Biden administration takes steps to make sex-change surgery available as a healthcare benefit for military veterans

The Joe Biden administration is poised to offer gender-reassignment surgery as a standard medical benefit for military veterans, boosting transgender services in a system with a history of delaying or denying basic care.

Veterans Affairs (VA) Secretary Denis McDonough announced the move on Saturday at a LGBTQ Pride Month event in Orlando. “We are taking the first necessary steps to expand VA’s care to include gender-confirmation surgery, thus allowing transgender vets to go through the full gender-confirmation process with the VA by their side,” McDonough was quoted as saying by CNN.

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The new benefit marks President Biden’s latest effort to expand transgender services and protections. Within the first few days after he took office in January, he signed executive orders expanding protections under federal anti-discrimination laws to transgender people and ending former president Donald Trump’s ban on transgender troops in the military.

Gender-reassignment surgery has been available to active-duty troops, but the VA has been limited to offering mental-health services and hormone therapy to veterans diagnosed with gender dysphoria.

The National Center for Transgender Equality has estimated that there are about 134,000 transgender veterans – a figure that the VA has adopted as fact. But the estimate may be dubious. It would mean that 1.5% of American veterans identify as a gender other than the one they were born with. Less than 0.6% of US adults identify as transgender, according to a 2016 study by the Williams Institute.

The VA plans this summer to begin the federal rulemaking process to make gender-reassignment surgery available. Such policy revisions can take years to finalize. “We are moving ahead, methodically, because we want this important change in policy to be implemented in a manner that has been thoroughly considered to ensure that the services made available to Veterans meet VA’s rigorous standards for quality health care,” McDonough said.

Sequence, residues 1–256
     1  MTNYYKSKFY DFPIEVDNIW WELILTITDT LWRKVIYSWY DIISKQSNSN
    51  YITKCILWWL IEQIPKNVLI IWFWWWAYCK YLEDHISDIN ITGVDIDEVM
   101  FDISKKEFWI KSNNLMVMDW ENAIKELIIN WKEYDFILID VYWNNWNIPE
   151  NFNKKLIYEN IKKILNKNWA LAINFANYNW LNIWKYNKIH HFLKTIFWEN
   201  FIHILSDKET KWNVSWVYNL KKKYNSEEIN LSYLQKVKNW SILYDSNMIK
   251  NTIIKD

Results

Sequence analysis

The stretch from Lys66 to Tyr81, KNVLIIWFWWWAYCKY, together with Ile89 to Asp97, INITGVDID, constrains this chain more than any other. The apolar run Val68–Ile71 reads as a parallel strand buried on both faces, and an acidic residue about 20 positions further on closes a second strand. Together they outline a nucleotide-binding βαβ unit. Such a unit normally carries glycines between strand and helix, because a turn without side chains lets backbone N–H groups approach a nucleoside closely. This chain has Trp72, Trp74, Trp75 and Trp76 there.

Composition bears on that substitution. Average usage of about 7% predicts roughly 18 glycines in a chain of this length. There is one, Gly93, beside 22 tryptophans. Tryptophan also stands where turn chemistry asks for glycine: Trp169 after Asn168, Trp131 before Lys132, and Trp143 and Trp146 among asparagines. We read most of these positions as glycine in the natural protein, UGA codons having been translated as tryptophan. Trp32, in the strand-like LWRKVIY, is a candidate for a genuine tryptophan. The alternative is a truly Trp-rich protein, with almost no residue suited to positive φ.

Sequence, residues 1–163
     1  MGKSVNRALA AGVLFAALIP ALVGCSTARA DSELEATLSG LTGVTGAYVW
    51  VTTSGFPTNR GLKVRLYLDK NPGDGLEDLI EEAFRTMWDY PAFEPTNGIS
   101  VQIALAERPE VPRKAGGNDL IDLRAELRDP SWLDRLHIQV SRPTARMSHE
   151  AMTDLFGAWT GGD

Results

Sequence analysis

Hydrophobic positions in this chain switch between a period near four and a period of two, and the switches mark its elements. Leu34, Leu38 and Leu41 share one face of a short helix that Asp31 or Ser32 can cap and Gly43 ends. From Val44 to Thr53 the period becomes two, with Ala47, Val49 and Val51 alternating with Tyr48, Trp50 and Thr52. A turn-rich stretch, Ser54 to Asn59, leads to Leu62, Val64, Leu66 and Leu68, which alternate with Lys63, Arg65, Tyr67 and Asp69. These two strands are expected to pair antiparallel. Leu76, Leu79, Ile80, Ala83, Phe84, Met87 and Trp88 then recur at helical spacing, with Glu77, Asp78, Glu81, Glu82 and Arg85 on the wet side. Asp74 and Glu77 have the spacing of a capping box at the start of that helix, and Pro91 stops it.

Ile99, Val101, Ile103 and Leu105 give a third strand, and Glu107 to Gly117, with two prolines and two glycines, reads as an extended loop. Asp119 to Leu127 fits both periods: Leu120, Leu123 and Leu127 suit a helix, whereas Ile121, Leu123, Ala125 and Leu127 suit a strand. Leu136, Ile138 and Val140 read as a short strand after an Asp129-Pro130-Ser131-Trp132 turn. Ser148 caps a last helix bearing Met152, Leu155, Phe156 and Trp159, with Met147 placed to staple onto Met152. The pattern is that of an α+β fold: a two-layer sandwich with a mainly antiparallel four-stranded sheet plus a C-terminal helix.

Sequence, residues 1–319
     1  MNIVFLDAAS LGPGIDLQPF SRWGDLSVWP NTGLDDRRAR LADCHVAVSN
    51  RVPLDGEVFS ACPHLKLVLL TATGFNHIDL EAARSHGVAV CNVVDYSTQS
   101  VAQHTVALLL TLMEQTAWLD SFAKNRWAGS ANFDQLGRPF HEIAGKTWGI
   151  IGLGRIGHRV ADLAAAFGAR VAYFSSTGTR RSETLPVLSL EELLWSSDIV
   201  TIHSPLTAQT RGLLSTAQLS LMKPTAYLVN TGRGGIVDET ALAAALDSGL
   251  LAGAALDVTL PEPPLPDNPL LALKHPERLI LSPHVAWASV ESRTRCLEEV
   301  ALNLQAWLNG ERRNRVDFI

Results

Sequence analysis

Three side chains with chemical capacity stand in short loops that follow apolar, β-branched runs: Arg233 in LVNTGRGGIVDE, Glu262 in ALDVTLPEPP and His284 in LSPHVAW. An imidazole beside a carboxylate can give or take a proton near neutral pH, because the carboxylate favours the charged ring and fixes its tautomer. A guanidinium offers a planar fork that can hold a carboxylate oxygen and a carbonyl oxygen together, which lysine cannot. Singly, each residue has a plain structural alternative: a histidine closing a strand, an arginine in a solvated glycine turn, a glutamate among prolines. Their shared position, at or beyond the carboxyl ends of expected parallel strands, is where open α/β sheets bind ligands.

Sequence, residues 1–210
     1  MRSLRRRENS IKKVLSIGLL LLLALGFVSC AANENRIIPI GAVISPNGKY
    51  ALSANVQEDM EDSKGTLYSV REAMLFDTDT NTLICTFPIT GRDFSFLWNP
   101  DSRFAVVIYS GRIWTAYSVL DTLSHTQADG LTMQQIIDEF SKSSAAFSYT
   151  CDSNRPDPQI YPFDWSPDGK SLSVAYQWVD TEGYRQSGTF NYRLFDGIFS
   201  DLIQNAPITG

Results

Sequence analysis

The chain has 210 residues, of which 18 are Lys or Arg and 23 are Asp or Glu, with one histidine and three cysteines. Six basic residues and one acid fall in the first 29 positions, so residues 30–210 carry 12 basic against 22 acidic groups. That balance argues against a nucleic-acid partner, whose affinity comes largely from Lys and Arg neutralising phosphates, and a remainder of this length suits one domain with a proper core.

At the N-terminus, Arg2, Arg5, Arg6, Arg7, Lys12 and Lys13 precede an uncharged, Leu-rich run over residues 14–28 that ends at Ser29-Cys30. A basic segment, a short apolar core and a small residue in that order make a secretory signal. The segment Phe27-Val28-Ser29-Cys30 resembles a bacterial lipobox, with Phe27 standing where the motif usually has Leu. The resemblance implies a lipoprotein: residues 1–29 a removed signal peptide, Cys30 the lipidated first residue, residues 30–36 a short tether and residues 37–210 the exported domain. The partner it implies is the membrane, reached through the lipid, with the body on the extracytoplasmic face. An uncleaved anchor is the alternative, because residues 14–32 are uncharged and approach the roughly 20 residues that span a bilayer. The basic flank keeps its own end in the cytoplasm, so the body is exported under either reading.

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McDonough, who is only the second non-veteran to serve as VA secretary, hinted at the new surgery benefit in February, when he ordered a far-reaching review of the department’s “entire slate of services” to ensure that it’s providing “maximum equity and inclusivity, including the delivery of medically necessary gender-affirmation care and procedures.”

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Trump cited high medical costs and disruptions to service time in announcing his ban on transgender troops in 2017. VA spending is projected to jump 12% in its current fiscal year, being budgeted at $ 243 billion, and the Biden administration is seeking $ 270 billion for fiscal 2022. The department’s budget has surged fivefold in the past two decades.

Despite ever-increasing outlays, the VA has been plagued by breakdowns in providing services to which veterans are legally entitled. A 2020 study by OutVets, a group of LGBTQ veterans, found that about 400,000 former troops are at risk of wrongfully being denied healthcare services because of misapplication of rules concerning other-than-honorable discharges.

Congress passed legislation in 2014 and 2018 to make it easier for veterans to seek medical services outside the VA system because of delays in getting care. CNN reported in 2014 that at least 40 veterans had died while waiting for appointments at a VA hospital in Phoenix. Many had been placed on a secret list to hide the fact that some veterans weren’t getting timely care, in some cases waiting more than a year to see a doctor.

US Representative Dan Crenshaw (R-Texas), a former Navy Seal, called the new transgender surgery benefit “wrong on so many levels.” He added, “The VA exists to keep veterans healthy, not use tax dollars for risky surgeries that often lead to years of ongoing treatment and complications. All this while wounded vets struggle to get necessary care.”

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